Almost half of respondents felt that they had not fully embedded a culture of learning in their organisation.

Many were looking at doing more to blend mobile e-learning with coaching and mentoring for more effective learning delivery, particularly when it comes to language and communication skills.

HR leaders of expanding global organisations need to know if their workforce is equipped with the skills required to enter new markets.

There are a number of practical steps HR professionals can take to drive language learning in the business:

Communicate the benefits of language and communication learning

It is important to continue to communicate the benefits beyond the initial business case. Communicate successes clearly.

Make sure everyone knows when language and communications training results in a win for the business – whether that comes in the form of higher sales in new geographies or in gaining a big new customer.

Before putting in place any language learning initiatives, plan how you will measure the success of the initiatives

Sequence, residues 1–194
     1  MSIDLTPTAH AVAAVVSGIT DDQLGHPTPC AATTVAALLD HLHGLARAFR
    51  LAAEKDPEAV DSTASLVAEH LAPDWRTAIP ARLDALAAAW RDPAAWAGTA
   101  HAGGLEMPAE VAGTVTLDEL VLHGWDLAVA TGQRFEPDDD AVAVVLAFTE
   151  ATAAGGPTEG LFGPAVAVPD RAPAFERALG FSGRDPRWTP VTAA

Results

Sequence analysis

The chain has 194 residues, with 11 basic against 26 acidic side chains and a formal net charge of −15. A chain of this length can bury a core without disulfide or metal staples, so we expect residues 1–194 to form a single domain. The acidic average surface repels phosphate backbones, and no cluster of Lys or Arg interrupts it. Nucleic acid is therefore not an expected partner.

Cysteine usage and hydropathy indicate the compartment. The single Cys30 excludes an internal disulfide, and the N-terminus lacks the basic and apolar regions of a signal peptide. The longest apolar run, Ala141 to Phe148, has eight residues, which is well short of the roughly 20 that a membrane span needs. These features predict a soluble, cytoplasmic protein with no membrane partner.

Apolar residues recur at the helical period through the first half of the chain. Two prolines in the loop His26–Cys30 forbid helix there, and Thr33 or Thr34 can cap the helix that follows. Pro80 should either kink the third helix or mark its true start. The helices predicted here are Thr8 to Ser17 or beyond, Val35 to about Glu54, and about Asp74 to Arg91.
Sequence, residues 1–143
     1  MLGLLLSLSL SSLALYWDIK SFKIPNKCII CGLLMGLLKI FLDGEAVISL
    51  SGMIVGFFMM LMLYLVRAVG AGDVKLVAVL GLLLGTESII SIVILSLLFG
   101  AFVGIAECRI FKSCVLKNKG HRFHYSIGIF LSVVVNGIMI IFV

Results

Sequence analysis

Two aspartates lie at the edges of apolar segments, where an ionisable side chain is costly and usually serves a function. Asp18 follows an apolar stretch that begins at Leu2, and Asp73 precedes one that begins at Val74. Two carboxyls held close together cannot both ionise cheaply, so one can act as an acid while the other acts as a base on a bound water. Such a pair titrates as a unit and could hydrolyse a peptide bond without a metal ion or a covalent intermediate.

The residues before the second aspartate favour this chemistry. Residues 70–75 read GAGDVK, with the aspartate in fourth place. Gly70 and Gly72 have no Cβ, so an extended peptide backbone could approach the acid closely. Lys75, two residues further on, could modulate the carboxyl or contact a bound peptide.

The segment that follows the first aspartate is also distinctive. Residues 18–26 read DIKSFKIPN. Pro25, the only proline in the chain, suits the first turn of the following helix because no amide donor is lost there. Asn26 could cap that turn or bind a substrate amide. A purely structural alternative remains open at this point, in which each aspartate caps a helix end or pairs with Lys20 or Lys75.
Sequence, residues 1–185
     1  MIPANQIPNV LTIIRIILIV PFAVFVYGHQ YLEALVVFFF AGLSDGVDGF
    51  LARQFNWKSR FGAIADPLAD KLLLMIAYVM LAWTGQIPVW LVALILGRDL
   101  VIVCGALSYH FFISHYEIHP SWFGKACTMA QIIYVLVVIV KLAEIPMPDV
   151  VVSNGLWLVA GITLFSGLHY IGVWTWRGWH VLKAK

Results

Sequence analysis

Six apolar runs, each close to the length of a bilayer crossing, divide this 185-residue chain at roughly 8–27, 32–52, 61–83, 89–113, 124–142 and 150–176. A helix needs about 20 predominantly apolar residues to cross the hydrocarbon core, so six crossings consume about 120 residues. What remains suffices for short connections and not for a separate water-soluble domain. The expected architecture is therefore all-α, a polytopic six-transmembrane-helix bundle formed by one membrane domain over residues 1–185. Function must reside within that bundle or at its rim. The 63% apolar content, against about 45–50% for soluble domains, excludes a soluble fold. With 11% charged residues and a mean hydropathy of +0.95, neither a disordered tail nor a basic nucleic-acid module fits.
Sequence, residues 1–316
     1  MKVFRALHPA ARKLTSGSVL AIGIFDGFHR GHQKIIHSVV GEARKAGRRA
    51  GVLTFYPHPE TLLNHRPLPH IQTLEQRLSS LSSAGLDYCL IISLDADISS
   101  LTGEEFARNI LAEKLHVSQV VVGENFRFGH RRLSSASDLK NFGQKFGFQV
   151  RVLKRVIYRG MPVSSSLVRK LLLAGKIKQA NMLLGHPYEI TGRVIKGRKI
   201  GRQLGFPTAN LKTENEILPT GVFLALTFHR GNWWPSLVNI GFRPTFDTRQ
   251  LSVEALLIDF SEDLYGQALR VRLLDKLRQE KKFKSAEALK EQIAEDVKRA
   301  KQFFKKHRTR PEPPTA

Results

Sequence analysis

Start by establishing where the organisation is on the continuum towards mature learning provision and defining where you want to be.

Reference to the ‘Towards Maturity’ report, ‘Unlocking Potential: Releasing the potential of the business and its people through learning, 2016-2017 learning benchmark report’ can help with that.

Go for quick wins – if you can show a positive impact on the bottom line, on customer service metrics or Net Promoter Scores as a direct result of pilot learning initiatives, this will go a long way towards building a business case for rolling out language and communications learning across the organisation.

Get senior buy-in for language learning by addressing C-level pain points

Towards Maturity research with the C-suite highlighted key C-level concerns. Researchers found that 72% of CEOs believe the next three years will be more critical for their industry than the last 50 years.

Their overriding priority was to create an organisation fit to compete in a digital world – 80% of business leaders cite digital transformation as a priority but only 35% felt they had a ‘clearly defined’ strategy to achieve this.

CEOs also saw a major challenge of continually innovating and exceeding customer experience and 72% of CEOs were concerned about the availability of key skills, especially as 48% plan to increase headcount in the coming year, while more than half were reporting report skills gaps in key business functions.